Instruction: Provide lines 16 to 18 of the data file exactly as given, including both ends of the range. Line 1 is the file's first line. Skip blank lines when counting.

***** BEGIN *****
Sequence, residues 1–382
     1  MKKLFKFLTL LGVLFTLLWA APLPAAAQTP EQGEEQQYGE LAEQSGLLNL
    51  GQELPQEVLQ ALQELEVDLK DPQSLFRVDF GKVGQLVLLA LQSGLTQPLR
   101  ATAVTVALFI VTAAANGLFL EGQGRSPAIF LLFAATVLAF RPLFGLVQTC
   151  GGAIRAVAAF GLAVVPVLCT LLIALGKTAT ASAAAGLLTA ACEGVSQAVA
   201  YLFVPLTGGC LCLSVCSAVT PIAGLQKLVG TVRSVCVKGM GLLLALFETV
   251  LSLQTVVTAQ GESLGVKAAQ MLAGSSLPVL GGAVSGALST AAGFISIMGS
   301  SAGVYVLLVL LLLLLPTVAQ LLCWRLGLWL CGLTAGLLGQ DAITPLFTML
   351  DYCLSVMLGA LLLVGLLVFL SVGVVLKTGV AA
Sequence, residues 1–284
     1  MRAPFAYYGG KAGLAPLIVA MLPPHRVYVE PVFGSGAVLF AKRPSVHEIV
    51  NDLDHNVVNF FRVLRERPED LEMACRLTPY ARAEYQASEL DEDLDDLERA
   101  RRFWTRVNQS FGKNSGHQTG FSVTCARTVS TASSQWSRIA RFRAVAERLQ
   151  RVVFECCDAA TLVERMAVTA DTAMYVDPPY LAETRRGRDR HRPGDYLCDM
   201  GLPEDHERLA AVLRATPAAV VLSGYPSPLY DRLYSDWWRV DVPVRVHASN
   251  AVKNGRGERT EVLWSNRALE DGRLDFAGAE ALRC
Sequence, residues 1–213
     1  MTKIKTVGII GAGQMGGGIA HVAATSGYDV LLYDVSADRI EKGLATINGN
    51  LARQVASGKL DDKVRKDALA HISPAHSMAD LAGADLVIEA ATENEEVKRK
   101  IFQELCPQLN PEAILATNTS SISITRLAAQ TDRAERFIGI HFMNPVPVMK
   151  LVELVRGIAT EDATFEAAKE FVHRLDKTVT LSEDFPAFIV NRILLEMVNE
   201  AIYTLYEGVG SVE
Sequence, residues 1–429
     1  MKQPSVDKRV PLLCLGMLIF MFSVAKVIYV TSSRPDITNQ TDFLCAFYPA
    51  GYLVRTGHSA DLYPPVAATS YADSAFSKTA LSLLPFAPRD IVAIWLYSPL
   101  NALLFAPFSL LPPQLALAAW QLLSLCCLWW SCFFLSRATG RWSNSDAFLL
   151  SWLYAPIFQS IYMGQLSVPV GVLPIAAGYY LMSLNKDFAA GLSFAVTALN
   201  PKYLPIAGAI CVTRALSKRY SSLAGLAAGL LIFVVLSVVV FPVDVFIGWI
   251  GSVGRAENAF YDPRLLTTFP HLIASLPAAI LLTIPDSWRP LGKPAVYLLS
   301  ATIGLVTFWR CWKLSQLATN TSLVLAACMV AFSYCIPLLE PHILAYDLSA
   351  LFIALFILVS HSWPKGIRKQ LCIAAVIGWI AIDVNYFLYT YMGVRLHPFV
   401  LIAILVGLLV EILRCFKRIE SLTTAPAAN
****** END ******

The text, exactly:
   251  AVKNGRGERT EVLWSNRALE DGRLDFAGAE ALRC
Sequence, residues 1–213
     1  MTKIKTVGII GAGQMGGGIA HVAATSGYDV LLYDVSADRI EKGLATINGN